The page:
What happens when a neighborhood institution disappears?
This past Friday, a variety of sources revealed the indoor, daily portion of the Phoenix Public Market would be closing its doors in just a week’s time.
The immediate, visceral reaction from the community was unsurprisingly one of shock and dismay, wondering aloud at how such a cornerstone could simply cease to exist.
From the perspective of economics, many asked how a neighborhood’s only grocery store could close after just over two years in operation.
Downtown is a food desert once again.
The weekly Open Air Market began in February 2005, becoming the first source for food in the downtown area in years. It was founded with the intention of later establishing a permanent location in the area, allowing essential access to food for a burgeoning downtown community.
After years of fundraising and renovations, the Urban Grocery and Wine Bar opened its doors in 2009 to an eager populace, offering lunch service and wines, and sharing space with the popular Royal at the Market coffee shop.
The location quickly became a hub for connectivity in downtown Phoenix, a staging area for many of the big ideas arriving in the city.
But did downtown ever have what it took to sustain a store like the Phoenix Public Market?
Undoubtedly, the downtown area features a lower population density than nearly any other city of its size in the country. Parking and vacant lots certainly don’t help its case. Across the street from the Market is an entire square block of parking spaces, right along Central Avenue, one of the most vital hubs of traffic in the entire city.
Blocking the Market’s view from the south is a small Valley Metro transit building, situated directly across from the Urban Grocery.
This past year, during what is usually the busiest season for the Market, the city of Phoenix was completing major street construction, shutting down the entire main entrance to the shop and diverting most pedestrian and vehicular traffic to peripheral entries. While the construction was supposed to be completed in November, it dragged through to January, leading to an estimated $40,000 in lost revenue for the store.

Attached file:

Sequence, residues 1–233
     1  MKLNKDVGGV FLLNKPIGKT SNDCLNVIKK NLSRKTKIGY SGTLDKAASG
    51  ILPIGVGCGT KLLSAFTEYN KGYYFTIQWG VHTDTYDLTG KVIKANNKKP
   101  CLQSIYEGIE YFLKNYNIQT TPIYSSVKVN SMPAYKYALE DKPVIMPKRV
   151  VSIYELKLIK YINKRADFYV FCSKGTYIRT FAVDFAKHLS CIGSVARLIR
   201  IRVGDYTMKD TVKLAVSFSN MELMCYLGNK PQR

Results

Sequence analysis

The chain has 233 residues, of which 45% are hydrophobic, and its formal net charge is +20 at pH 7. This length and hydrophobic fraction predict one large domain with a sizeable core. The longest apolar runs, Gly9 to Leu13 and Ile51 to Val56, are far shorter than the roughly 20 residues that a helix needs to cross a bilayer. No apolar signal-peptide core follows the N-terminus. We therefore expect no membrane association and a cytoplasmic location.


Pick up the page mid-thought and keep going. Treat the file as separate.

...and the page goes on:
Still in progress is a public art installation funded by the National Endowment for the Arts that will now welcome visitors to an empty storefront.
How can a business be expected to survive when it is surrounded by dead space, empty lots and construction?
Where is the community?
If I had a nickel for every time a Downtown campus ASU student asked where they could buy groceries…
Countless students to this day have no idea where to buy produce near campus, and the very same students complain every time they have to buy anything from the woefully-understocked and overpriced Taylor Place Market.
The campus built to be “embedded” in the community did not establish any type of connection between its students and a grocery store that is only a few blocks away from its residence hall.
And for all of the lunchtime patrons of the store, did many truly linger and purchase groceries? This was the question asked repeatedly over the weekend by the local onlookers anxious to determine a cause for the Public Market’s sudden demise
What are we losing?
For an area so dedicated to local business and entrepreneurship, to lose a locally-owned market is to lose a cornerstone of the community.
When no one in their right mind thought to sell food in the downtown area, the Public Market set down its roots — before ASU, before Civic Space, before CityScape and before 44 Monroe.
The organizers behind the Market gave developers incentive to place their newest projects in the downtown core, because now their residents and employees would have a place to shop.
Now, the nearest daily grocery in Phoenix is 1.5 miles away from the Downtown campus, which is located near the northern edge of the downtown core.
Considering the more than 400 signatures collected this past Saturday alone, and nearly 600 Facebook “Likes” attracted by community members looking to save the venerable shop, few are willing to take this lightly.
But after a few days of vigorous activity and discussion, the founders of the “Save Downtown Phoenix Public Market” page announced their own resignation. The closure was final.
With the closure of the Phoenix Public Market, the supposed urban core of Phoenix sees yet another empty storefront arise.
The Public Market served not only its customers, but its employees. It employed the area’s artists, musicians, community organizers, promoters, and just general resources.
Though the outdoor market, Food Truck Fridays and Royal at the Market will remain, the main space of the property will become desolate.
A definite void is arising, leaving local residents, students and businesspeople grasping for someone new to offer essential goods to a community in transition.
The Market’s closure leaves a lot of opportunity, but who will take it?
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